Some would say it's "The Great American Chocolate Bar" because its milk-chocolatey taste is recognized and beloved by so many. Others, though, would say it's "The Great American Chocolate Bar" because its creator embodied all that is good about the American Dream. Milton S. Hershey failed - and failed again - before building his iconic chocolate company. But when he finally succeeded through hard work and grand vision, he made it his life's mission to build up the people around him. In doing so, he did not just build a candy company. He built a town. A community. He built a human legacy that is so much greater than the confections that bear his name.
The Hershey story is one of family and philanthropy. One of stewardship and success. The Hershey story is honored and preserved in a place so simply but aptly named - The Hershey Story, The Museum on Chocolate Avenue.
In a town where the streets smell like chocolate and are lit by the glow of Kiss-shaped streetlights, the museum takes guests on a journey through Mr. Hershey's life and legacy. Though Hershey and wife Catherine ("Kitty") did not have children of their own, they dedicated time and resources to philanthropies that support underprivileged children and encourage cultural enrichment of not just children but the entire community. The museum highlights these endeavors in addition to showcasing artifacts from the earliest days of the Hershey Chocolate Company. See original factory equipment before moving on to modern, interactive exhibits that educate visitors about the chocolate-making process. Tie on an apron and step back in time to see what it was like to work in a chocolate factory in the early 1900s. Do you have what it takes to pack, stack, measure and mold?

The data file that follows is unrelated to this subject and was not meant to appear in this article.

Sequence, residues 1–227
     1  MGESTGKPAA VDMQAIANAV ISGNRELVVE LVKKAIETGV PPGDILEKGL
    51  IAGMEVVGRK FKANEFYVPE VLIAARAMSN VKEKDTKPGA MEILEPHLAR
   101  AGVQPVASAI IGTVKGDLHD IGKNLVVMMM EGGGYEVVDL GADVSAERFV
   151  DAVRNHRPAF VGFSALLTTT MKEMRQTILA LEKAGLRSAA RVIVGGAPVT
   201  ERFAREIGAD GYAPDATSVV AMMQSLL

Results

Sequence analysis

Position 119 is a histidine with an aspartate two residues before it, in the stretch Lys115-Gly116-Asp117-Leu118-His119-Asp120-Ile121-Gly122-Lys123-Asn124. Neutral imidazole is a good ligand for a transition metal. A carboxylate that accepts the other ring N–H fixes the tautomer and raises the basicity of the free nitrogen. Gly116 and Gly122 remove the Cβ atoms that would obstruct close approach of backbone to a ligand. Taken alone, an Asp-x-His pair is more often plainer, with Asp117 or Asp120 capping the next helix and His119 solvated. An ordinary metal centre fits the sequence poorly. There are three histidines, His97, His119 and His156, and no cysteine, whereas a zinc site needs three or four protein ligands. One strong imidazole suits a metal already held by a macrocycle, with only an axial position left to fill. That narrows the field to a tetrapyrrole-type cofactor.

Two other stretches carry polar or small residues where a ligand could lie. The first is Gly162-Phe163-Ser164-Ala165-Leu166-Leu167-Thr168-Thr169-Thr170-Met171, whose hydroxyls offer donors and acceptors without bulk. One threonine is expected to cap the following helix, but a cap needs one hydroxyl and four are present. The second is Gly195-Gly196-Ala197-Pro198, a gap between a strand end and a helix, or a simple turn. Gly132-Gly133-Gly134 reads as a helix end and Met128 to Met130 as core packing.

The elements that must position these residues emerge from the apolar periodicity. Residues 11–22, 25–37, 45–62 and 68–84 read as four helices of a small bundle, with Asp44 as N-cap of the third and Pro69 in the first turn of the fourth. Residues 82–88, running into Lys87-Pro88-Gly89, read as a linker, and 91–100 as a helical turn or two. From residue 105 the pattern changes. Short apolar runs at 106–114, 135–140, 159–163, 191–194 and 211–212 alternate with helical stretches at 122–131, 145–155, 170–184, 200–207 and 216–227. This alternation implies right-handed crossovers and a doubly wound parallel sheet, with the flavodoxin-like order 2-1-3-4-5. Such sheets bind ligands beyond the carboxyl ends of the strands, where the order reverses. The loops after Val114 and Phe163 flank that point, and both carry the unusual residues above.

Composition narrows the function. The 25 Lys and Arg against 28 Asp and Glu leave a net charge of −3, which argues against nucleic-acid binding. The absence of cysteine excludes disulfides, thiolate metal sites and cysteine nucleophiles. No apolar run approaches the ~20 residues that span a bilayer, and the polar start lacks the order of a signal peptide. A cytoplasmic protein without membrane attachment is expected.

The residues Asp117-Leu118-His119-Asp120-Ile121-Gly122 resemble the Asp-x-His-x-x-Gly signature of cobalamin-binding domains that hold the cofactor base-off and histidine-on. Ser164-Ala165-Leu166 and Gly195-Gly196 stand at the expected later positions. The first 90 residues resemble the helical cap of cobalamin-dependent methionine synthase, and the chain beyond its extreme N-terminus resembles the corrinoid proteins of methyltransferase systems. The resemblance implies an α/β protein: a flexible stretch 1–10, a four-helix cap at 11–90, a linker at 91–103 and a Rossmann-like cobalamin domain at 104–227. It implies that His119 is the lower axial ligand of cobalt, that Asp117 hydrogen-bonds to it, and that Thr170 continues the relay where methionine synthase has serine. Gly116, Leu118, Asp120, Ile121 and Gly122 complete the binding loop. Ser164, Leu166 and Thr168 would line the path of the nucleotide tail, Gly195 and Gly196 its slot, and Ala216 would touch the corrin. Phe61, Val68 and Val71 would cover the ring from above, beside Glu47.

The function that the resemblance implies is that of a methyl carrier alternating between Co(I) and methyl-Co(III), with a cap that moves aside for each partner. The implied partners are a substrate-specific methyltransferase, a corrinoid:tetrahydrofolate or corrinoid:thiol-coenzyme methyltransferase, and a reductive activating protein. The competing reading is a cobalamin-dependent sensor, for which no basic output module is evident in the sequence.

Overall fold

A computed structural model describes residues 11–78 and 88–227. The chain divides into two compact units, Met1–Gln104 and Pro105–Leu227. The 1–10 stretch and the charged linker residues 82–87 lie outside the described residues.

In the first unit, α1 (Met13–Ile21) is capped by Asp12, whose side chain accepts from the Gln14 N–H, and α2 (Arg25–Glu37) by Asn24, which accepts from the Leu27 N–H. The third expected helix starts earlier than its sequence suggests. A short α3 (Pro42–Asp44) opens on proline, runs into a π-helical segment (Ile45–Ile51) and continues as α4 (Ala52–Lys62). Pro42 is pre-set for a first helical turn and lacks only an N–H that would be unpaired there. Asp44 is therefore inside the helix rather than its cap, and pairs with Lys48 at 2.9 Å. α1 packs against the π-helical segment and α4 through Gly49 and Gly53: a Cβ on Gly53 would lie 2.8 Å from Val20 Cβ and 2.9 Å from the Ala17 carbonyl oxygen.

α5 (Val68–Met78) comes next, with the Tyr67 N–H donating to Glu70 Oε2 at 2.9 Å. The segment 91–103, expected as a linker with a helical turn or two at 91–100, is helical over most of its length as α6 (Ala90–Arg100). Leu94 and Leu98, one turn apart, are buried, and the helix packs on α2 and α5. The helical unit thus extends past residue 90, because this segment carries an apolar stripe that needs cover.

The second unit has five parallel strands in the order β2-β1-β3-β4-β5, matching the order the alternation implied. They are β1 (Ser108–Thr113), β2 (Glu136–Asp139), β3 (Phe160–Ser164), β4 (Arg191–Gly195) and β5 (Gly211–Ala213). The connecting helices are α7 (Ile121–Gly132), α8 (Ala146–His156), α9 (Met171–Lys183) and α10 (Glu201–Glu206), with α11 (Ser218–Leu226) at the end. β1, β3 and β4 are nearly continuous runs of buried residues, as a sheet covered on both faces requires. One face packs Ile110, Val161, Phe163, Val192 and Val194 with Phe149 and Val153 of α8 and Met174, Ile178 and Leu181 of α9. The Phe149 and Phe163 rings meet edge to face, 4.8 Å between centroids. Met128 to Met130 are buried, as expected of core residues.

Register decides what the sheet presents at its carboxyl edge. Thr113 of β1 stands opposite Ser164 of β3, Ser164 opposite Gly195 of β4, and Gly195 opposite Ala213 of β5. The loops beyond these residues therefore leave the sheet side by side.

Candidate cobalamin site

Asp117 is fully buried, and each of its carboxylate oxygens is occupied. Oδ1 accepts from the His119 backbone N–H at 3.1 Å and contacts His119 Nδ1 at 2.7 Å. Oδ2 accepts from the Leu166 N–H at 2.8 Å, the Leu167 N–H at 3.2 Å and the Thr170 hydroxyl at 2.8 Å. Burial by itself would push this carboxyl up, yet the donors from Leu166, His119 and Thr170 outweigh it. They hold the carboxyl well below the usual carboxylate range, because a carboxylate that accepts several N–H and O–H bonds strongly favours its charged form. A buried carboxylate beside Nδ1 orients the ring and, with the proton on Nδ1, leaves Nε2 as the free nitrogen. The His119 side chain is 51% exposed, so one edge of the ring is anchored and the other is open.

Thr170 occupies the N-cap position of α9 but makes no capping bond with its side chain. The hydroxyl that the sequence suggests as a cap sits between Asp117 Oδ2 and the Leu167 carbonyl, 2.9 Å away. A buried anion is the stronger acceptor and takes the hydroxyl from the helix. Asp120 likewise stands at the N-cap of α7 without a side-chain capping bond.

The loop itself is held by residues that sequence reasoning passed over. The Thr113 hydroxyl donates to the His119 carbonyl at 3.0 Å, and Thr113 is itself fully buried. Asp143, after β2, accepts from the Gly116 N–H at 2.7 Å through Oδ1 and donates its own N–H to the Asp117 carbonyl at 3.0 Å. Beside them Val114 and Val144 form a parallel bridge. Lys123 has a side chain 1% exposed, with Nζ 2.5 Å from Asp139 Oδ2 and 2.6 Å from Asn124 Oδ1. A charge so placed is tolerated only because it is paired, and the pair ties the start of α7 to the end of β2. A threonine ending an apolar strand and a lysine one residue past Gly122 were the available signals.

Mr. Hershey's two passions - chocolate and education - melt together in The Chocolate Lab. Tour the museum, and then sit in on a class where you'll not only learn about the chocolate making process, but also make your own treat to take home and enjoy.
Did You Know
Milton Hershey did not first become rich because of chocolate. He found his first success with the Lancaster Caramel Company.
Milton Hershey purchased a ticket for Titanic's maiden voyage. He left Europe early on another ship to take care of business at home.
Milton Hershey kept thousands of workers employed during the Great Depression. While building projects came to a silencing halt across the country in poor economic times, Hershey moved forward with the iconic Hotel Hershey, a community center (that houses the grand Hershey Theatre), and more.